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Multifactorial Influences on and Deviations from Medication Administration Safety and Quality in the Acute Medical/Surgical Context

Authors

  • Andrea Popescu RN, BN(Hons),

    1. Andrea Popescu,Research Assistant, Deakin University, Burwood, Victoria, Australia;Judy Currey,Associate Professor, Deakin University, Burwood, Victoria, Australia;Mari Botti,Professor, School of Nursing, Deakin University, Burwood, Victoria, Australia.
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  • Judy Currey RN, PhD, BN(Hons), CritCareCert, GCert, HigherEd GCertSc (App Stats),

    1. Andrea Popescu,Research Assistant, Deakin University, Burwood, Victoria, Australia;Judy Currey,Associate Professor, Deakin University, Burwood, Victoria, Australia;Mari Botti,Professor, School of Nursing, Deakin University, Burwood, Victoria, Australia.
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  • Mari Botti RN, PhD, BA, GDCAP

    1. Andrea Popescu,Research Assistant, Deakin University, Burwood, Victoria, Australia;Judy Currey,Associate Professor, Deakin University, Burwood, Victoria, Australia;Mari Botti,Professor, School of Nursing, Deakin University, Burwood, Victoria, Australia.
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Address correspondence to Judy Currey, 221 Burwood Highway, Deakin University, Burwood, Victoria 3125, Australia; judy.currey@deakin.edu.au

ABSTRACT

Background and Aims: Although numerous factors influence medication administration, our understanding of the interplay of these factors on medication quality and safety is limited. The aim of this study was to explore the multifactorial influences on medication quality and safety in the context of a single checking policy for medication administration in acute care.

Approach: An exploratory/descriptive study using non-participant observation and follow-up interview was used to identify factors influencing medication quality and safety in medication administration episodes (n= 30). Observations focused on nurses’ interactions with patients during medication administration, and the characteristics of the environment in which these took place. Confirmation of observed data occurred on completion of the observation period during short semi-structured interviews with participant nurses.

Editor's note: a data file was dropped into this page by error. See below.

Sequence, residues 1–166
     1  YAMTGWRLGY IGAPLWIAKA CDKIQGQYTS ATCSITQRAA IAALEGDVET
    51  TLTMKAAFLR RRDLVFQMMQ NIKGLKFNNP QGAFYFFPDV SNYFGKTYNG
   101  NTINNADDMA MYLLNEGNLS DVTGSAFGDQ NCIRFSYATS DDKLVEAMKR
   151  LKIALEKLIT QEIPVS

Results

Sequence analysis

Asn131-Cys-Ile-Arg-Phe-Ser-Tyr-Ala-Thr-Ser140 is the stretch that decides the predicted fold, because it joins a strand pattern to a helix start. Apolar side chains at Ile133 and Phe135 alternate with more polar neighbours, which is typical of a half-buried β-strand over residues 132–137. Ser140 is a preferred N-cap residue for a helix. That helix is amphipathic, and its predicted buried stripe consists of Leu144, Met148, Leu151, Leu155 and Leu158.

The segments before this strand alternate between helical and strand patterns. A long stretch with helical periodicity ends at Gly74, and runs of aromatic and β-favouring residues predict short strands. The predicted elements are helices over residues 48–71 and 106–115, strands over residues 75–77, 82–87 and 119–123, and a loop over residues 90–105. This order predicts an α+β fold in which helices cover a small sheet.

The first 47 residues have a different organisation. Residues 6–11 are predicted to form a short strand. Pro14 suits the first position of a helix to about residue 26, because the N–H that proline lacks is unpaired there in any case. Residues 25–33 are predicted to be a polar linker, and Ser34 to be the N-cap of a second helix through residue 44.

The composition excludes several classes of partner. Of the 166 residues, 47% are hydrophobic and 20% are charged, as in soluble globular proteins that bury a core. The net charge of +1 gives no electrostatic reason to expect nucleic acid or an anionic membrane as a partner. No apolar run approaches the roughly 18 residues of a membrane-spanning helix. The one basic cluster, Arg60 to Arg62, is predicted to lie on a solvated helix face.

Findings: Findings showed nurses developed therapeutic relationships with patients in terms of assessing patients before administering medications and educating patients about drugs during medication administration. Nurses experienced more frequent distractions when medications were stored and prepared in a communal drug room according to ward design. Nurses deviated from best-practice guidelines during medication administration.

Implications: Nurses’ abilities and readiness to develop therapeutic relationships with patients increased medication quality and safety, thereby protecting patients from potential adverse events. Deviations from best-practice medication administration had the potential to decrease medication safety. System factors such as ward design determining medication storage areas can be readily addressed to minimise potential error.

Conclusions: Nurses displayed behaviours that increased medication administration quality and safety; however, violations of practice standards were observed. These findings will inform future intervention studies to improve medication quality and safety.

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